FIG. 3 is a circuit diagram of a schmitt-trigger circuit according to one embodiment of the present invention, in which the schmitt-trigger circuit is comprised of three CMOS inverters INV1 through INV3 connected in cascade, and a feedback resistance Rf is connected between a connecting point N13 (connected to the output end of the inverter INV3) and the connecting point N11 between the inverters INV1 and INV2. The input terminal IN is connected to the inverter INV1, and the output terminal OUT is connected to the connecting point N12 between the inverters INV2 and INV3. By this construction, the phase of the output voltage at the output terminal OUT is the same as that of the input voltage at the input terminal IN.

FIG. 4 is an approximated equivalent circuit diagram of the schmitt-trigger circuit of FIG. 3. In FIG. 4, the inverter INV1 is comprised of a p-channel MOS transistor QP and the n-channel MOS transistor QN. The gates of both MOS transistors are connected together to the input terminal IN. The drain of the MOS transistor QP and the drain of the MOS transistor QN are connected together to the connecting point N11. The inverters INV2 and INV3 both have the same constructions as the inverter INV1. However, in order to avoid complexity, the circuit stage following the inverter INV1 can be expressed by the feedback resistance Rf and a resistance Rpc connected in series, where the resistance Rpc represents the resistance of the p-channel MOS transistor in the inverter INV3 when the p-channel MOS transistor is in an on state.

The operation of the circuit of FIG. 3 will now be described in detail. When the input voltage at the input terminal IN is zero volts, the voltage at the connecting point N11 of the inverter INV1 is equal to the power supply voltage VDD, the voltage at the connecting point N12 of the inverter INV2 is equal to the ground voltage VSS which is equal to zero volts, and the voltage at the connecting point N13 of the inverter INV3 is equal to VDD. In this condition, when the input voltage at the input terminal IN is increased from zero volts to VDD, the voltage at the point N11 will then be decreased from VDD toward zero volts. However, in contrast to the prior art, the voltage at the point N11 is determined not only by the output voltage of the inverter INV1, but also, by the feedback current flowing through the resistance Rpc and the feedback resistance Rf from the point N13 to the point N11. The effect of the feedback current on the voltage at the point N11 is expressed in FIG. 4 by the notation "ε". Thus, the voltage at the point N11, shortly before turning the state of the inverter INV2 changes is expressed as: ##EQU7## as shown in FIG. 4. When the input voltage at the input terminal IN is close to the upper threshold voltage VUT during the increasing of the input voltage from zero volts to VDD, the P-channel transistor Qp and the n-channel transistor QN in the inverter INV1 are both in a state of saturation. The condition of the p-channel transistor and the n-channel transistor being in the state of saturation is: ##EQU8## where VTP and VTN represent the threshold voltages of the p-channel transistor Qp and the n-channel transistor QN, respectively. The drain currents IDN and IDP of the p-channel transistor Qp and the n-channel transistor QN, respectively, in their saturated states can be expressed as: ##EQU9## where βN and βP represent the current-amplification factors of the n-channel transistor QN and the p-channel transistor Qp, respectively. Also, according to Kirchhoff's law, the relation between the drain currents IDP and IDN can be expressed as: ##EQU10## where ε is neglected because VDD is much greater than ε. For the purpose of simplification, let it be assumed that:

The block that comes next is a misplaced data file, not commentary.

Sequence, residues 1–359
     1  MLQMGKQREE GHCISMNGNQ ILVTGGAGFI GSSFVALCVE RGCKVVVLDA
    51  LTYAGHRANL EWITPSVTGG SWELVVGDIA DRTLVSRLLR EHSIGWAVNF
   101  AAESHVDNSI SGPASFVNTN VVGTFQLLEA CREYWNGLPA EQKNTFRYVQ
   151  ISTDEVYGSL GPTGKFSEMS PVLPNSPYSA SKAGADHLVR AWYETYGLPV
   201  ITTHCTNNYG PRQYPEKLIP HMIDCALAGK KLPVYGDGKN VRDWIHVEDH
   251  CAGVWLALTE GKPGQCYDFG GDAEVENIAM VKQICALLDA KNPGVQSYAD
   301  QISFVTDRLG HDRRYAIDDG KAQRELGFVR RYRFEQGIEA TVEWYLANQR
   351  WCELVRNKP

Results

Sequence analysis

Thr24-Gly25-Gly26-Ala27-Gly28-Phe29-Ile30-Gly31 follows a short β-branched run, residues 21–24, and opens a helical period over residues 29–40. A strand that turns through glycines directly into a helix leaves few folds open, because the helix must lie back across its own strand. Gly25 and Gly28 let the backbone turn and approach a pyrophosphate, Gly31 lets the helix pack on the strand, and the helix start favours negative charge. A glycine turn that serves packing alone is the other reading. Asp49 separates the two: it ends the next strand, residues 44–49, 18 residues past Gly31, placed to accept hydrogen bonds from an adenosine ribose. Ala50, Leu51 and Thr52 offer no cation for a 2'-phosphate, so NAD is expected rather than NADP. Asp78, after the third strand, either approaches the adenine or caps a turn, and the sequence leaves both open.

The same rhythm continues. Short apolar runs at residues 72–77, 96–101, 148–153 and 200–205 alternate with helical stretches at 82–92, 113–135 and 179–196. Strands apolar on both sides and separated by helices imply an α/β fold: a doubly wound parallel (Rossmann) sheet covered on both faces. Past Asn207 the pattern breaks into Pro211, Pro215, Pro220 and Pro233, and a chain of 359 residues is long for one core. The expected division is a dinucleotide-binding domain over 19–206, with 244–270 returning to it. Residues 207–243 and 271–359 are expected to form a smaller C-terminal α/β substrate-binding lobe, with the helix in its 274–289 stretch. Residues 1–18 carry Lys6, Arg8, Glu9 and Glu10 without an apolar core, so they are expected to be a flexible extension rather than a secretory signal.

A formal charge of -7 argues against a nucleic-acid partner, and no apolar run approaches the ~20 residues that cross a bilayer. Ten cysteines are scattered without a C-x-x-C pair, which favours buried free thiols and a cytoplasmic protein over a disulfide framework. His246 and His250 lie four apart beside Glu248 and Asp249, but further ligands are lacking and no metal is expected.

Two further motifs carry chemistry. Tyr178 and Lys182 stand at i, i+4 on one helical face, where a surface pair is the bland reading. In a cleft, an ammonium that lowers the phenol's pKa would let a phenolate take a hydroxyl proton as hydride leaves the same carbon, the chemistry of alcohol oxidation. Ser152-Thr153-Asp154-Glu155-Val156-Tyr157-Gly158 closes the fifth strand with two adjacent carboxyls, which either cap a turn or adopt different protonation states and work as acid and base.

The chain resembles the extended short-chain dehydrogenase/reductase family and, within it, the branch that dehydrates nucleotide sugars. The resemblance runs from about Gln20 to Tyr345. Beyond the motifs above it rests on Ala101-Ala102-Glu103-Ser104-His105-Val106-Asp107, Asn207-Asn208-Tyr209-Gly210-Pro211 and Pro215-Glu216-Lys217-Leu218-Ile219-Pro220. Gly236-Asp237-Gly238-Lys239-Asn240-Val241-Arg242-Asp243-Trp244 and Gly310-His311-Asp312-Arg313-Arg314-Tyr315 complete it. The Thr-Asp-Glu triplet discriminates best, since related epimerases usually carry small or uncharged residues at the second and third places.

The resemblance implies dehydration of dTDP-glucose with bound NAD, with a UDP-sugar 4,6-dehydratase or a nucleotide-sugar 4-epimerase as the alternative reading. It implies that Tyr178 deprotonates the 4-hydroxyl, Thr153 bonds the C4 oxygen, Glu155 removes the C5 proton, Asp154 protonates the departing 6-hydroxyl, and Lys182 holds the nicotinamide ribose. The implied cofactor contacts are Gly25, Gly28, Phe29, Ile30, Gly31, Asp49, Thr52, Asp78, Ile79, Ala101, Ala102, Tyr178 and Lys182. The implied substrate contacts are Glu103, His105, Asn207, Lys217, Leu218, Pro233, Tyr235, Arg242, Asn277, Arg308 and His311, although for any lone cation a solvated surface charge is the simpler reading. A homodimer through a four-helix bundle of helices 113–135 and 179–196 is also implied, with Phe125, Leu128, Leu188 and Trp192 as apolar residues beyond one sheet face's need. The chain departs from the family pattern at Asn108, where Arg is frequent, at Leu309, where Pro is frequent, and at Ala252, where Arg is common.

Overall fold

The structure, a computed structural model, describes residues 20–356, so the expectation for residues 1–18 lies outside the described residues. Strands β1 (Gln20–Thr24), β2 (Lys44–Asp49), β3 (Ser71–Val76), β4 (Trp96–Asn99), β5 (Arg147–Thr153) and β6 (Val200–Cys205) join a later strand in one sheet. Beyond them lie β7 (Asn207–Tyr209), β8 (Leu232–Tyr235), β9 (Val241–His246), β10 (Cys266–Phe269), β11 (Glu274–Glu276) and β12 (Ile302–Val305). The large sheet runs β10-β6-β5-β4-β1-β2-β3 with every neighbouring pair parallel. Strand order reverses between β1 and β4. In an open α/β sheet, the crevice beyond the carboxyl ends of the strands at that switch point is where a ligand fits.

βNP, and

VTN =-VTP